Conclusions/Significance

The slightly higher sensitivity of 2D photos comes at considerable cost in specificity. Training with 3D images enabled novice TG to identify cases as well as experienced TG. 3D were preferred to conventional 2D photos for training. Standardized 3D images of TT could be a useful tool for training TG, in settings where there are now few TT cases.

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<![CDATA[Orf virus (ORFV) infection in a three-dimensional human skin model: Characteristic cellular alterations and interference with keratinocyte differentiation]]> https://www.researchpad.co/article/5c5b523fd5eed0c4842bc547

ORF virus (ORFV) is the causative agent of contagious ecthyma, a pustular dermatitis of small ruminants and humans. Even though the development of lesions caused by ORFV was extensively studied in animals, only limited knowledge exists about the lesion development in human skin. The aim of the present study was to evaluate a three-dimensional (3D) organotypic culture (OTC) as a human skin model for ORFV infection considering lesion development, replication of the virus, viral gene transcription and modulation of differentiation of human keratinocytes by ORFV. ORFV infection of OTC was performed using the ORFV isolate B029 derived from a human patient. The OTC sections showed a similar structure of stratified epidermal keratinocytes as human foreskin and a similar expression profile of the differentiation markers keratin 1 (K1), K10, and loricrin. Upon ORFV infection, OTCs exhibited histological cytopathic changes including hyperkeratosis and ballooning degeneration of the keratinocytes. ORFV persisted for 10 days and was located in keratinocytes of the outer epidermal layers. ORFV-specific early, intermediate and late genes were transcribed, but limited viral spread and restricted cell infection were noticed. ORFV infection resulted in downregulation of K1, K10, and loricrin at the transcriptional level without affecting proliferation as shown by PCNA or Ki-67 expression. In conclusion, OTC provides a suitable model to study the interaction of virus with human keratinocytes in a similar structural setting as human skin and reveals that ORFV infection downregulates several differentiation markers in the epidermis of the human skin, a hitherto unknown feature of dermal ORFV infection in man.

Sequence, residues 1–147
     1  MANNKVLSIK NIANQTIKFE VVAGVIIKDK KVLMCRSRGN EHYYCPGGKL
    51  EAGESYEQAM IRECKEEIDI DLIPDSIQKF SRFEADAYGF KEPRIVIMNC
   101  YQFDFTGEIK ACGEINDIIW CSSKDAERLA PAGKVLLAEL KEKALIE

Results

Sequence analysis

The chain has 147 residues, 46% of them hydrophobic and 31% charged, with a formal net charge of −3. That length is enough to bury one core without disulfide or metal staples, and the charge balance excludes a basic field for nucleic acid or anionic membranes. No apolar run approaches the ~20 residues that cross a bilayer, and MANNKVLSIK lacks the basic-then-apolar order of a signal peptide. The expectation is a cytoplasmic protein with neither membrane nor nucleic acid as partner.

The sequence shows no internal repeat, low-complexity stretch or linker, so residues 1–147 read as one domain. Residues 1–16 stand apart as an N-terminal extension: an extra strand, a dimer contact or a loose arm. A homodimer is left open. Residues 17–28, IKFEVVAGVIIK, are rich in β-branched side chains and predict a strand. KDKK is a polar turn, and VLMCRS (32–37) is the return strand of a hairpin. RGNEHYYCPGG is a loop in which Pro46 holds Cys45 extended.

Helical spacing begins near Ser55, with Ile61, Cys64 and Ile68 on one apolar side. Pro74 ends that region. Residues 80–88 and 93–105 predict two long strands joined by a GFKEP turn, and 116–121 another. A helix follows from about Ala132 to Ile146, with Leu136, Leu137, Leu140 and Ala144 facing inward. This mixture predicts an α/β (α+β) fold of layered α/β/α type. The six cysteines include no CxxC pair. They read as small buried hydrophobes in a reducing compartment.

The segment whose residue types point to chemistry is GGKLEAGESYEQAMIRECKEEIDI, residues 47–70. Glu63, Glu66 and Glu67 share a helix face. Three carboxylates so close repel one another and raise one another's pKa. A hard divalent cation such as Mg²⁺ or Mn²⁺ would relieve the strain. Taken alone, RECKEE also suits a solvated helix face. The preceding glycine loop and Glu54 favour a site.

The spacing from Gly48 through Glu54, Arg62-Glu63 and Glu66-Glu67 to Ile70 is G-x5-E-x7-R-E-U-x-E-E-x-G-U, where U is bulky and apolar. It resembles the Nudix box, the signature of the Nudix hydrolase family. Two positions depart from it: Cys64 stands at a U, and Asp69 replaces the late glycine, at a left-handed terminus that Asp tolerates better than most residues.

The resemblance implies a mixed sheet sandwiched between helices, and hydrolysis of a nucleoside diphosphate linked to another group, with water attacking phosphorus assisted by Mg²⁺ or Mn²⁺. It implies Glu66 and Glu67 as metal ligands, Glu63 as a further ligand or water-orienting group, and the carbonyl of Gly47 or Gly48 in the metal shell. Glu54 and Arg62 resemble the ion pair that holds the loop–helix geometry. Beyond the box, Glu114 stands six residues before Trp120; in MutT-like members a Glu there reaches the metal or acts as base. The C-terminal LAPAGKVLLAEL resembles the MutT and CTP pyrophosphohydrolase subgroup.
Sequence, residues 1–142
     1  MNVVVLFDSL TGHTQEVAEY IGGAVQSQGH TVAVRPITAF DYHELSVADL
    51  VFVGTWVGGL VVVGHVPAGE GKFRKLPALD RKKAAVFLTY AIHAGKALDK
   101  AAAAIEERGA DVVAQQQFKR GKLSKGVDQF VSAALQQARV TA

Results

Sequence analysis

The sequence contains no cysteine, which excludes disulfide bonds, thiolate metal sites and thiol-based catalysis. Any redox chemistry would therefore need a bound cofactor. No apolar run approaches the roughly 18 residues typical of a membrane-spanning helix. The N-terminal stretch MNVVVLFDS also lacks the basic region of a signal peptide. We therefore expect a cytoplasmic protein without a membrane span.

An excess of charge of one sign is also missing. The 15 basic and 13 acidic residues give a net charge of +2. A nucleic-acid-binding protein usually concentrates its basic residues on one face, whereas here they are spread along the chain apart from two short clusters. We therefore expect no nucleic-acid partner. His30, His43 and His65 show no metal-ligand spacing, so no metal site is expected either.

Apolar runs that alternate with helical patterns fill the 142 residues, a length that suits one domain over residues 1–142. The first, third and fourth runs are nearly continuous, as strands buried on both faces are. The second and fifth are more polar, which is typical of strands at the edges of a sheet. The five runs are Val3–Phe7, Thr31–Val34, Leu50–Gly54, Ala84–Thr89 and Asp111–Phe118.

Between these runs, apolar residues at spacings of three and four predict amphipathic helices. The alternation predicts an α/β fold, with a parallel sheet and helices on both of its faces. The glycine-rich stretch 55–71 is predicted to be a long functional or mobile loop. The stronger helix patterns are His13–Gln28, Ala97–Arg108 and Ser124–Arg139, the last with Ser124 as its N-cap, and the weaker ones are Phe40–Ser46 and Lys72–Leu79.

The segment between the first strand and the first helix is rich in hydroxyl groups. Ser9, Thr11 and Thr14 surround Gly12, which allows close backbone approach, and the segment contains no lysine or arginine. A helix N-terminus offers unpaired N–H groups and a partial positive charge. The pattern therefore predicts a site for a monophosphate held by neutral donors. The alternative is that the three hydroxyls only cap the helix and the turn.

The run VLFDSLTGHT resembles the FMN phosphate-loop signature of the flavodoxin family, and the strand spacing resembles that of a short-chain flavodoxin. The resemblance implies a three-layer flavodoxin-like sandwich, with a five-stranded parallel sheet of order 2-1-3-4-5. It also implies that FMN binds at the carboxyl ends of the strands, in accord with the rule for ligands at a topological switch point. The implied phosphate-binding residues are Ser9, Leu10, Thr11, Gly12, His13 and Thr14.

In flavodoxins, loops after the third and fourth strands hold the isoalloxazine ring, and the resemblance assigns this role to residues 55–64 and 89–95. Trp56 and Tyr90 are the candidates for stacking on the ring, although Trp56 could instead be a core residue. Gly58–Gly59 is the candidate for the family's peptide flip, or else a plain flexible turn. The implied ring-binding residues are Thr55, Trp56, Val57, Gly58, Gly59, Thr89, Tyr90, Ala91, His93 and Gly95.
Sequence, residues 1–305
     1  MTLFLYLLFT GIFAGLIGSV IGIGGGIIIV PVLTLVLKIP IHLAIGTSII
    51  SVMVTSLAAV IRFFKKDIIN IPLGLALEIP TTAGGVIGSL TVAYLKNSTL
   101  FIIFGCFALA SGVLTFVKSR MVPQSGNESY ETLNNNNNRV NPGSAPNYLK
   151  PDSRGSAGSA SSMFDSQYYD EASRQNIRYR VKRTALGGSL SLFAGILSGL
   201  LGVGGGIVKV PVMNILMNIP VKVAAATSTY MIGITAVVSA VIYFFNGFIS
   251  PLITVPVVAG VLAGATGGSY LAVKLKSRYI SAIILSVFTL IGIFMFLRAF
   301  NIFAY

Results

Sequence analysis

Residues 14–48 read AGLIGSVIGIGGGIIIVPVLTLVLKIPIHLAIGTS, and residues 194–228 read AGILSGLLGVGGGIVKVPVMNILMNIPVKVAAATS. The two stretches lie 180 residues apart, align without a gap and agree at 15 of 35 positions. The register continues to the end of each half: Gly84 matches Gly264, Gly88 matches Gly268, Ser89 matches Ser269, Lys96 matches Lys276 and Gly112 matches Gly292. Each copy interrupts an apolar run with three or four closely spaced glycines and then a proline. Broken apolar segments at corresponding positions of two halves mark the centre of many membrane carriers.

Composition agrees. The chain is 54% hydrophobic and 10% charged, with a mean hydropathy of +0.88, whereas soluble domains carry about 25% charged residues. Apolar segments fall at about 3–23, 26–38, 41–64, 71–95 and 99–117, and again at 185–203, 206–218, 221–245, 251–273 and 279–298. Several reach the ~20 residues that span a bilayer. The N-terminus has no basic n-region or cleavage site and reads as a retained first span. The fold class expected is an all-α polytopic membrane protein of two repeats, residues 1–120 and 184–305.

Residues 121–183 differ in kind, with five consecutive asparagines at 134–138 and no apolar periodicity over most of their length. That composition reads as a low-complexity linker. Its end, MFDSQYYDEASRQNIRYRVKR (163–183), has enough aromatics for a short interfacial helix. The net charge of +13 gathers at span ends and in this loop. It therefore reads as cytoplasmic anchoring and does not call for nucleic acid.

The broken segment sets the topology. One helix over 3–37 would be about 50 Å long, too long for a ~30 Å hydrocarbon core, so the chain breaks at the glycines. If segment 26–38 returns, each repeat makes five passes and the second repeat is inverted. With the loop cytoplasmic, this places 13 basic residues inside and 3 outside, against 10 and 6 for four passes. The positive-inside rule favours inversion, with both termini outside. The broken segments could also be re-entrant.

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<![CDATA[Resolving the apparent transmission paradox of African sleeping sickness]]> https://www.researchpad.co/article/5c424380d5eed0c4845e03e1

Human African trypanosomiasis (HAT), or African sleeping sickness, is a fatal disease found throughout sub-Saharan Africa. The disease is close to elimination in many areas, although it was similarly close to elimination once before and subsequently reemerged, despite seemingly low rates of transmission. Determining how these foci persisted and overcame an apparent transmission paradox is key to finally eliminating HAT. By assessing clinical, laboratory, and mathematical data, we propose that asymptomatic infections contribute to transmission through the presence of an overlooked reservoir of skin-dwelling parasites. Our assessment suggests that a combination of asymptomatic and parasitaemic cases is sufficient to maintain transmission at foci without animal reservoirs, and we argue that the current policy not to treat asymptomatic HAT should be reconsidered.